Best ideas on how to prepare financially for nursing school - page 3
Nursing school can be expensive. If you are not prepared financially you could get yourself in a lot of trouble. Community colleges are the least expensive but may not offer the best programs or... Read More
1Aug 20, '12 by kdrose01$30,000 a year?
When I looked at different schools, I started out looking at two colleges that were 22-24k a year, then I found out our state university was only about $7000-$9000 a year. BIG difference at the end of three years. I went with the BSN program at our local California State University and have no regrets.
Also, sadly, many cheaper state schools have long, long, long waiting lists.
0Aug 21, '12 by DominicosmamaHello all,I too am looking to find a way to lessen the burden by finding a job. Can anyone give me advice on finding a job at a hospital while doing pre Reqs? I have no experience in anything medical and begin school October first. Thanks!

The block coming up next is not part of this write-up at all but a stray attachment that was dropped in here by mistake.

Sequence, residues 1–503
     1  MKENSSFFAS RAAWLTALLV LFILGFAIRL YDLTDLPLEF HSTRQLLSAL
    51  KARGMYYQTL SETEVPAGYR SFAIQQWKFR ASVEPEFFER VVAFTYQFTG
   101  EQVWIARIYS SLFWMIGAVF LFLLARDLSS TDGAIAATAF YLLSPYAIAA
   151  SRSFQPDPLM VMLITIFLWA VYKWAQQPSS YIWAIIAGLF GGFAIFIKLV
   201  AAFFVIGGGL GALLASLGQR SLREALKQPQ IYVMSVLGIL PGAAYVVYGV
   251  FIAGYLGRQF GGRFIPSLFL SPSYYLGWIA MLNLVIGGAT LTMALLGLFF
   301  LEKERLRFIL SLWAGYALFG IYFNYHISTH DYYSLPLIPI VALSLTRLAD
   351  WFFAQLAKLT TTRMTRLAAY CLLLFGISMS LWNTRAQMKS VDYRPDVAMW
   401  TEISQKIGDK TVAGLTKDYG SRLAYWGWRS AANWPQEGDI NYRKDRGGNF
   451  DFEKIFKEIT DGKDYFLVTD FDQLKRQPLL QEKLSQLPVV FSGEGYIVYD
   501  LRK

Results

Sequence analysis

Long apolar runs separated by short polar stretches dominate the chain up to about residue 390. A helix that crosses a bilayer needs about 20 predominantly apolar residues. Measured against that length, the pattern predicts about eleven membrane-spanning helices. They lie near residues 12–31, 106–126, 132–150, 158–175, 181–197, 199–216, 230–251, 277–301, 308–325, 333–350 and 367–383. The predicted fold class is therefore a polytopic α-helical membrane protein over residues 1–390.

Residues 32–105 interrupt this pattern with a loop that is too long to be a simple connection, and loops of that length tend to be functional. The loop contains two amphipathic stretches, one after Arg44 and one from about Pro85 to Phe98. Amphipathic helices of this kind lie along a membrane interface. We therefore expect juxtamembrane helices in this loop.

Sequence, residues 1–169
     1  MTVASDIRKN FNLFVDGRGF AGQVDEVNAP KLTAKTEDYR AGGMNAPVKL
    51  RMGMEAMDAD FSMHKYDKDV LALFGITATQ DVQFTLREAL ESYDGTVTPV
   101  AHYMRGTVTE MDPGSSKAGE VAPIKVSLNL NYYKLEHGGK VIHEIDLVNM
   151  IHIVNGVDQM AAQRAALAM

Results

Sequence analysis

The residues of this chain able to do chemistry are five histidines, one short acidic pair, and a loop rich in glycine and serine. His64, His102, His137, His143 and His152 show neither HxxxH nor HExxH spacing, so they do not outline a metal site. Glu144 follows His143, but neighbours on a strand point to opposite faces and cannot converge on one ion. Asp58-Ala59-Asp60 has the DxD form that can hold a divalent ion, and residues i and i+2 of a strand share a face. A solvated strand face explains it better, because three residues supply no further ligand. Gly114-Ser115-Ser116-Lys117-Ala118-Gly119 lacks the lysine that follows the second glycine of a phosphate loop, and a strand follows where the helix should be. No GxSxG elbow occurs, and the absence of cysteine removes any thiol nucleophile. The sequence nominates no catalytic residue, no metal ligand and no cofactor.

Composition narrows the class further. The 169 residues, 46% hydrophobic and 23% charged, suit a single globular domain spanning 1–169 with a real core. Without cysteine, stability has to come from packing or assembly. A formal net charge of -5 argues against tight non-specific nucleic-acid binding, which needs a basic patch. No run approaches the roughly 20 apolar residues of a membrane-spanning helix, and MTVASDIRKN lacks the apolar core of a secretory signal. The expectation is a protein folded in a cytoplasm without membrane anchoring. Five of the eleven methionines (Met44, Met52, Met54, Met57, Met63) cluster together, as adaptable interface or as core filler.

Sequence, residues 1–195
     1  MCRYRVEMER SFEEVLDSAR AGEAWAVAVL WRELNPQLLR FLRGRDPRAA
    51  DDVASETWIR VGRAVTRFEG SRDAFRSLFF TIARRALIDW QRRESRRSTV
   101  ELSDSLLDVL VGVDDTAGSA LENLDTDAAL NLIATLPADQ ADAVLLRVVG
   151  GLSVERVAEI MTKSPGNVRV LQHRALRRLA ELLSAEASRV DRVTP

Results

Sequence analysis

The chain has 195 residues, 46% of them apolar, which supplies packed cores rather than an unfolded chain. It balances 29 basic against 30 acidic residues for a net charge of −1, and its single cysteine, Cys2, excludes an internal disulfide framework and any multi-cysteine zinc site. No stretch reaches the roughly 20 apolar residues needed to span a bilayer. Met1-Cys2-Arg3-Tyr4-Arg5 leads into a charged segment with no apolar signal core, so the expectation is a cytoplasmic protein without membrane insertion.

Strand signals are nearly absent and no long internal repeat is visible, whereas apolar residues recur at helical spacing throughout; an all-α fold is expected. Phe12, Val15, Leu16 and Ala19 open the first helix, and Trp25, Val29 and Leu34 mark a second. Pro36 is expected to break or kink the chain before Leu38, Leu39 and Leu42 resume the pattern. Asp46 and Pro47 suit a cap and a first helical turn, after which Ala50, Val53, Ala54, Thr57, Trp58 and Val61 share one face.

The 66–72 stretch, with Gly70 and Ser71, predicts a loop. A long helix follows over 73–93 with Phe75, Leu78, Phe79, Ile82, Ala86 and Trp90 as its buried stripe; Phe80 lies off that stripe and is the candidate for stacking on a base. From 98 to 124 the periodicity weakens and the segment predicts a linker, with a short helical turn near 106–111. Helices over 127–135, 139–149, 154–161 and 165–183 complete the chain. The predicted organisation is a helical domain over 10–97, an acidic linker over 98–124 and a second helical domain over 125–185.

0Aug 24, '12 by SuzieeQI worked 30-40hrs/week at a coffee shop throughout college because I had rent/bills to pay. I graduated with a $13,000 student loan debt (OSAP) 3 years ago... Working on paying it off!If I could go back, I would have taken a year or two off after high school to save for my education.
0Aug 24, '12 by joanna73 GuideI find the cost of American education astounding! I'm Canadian, and the cost of a 4 year BSN (excluding living costs) is roughly 10-12,000 per year. How in the world do they expect people to pay 30,000+ a year??? That's insane. @ Suzie Q: if you are willing to do rural nursing out West, your OSAP debt could be paid in 2-3 years.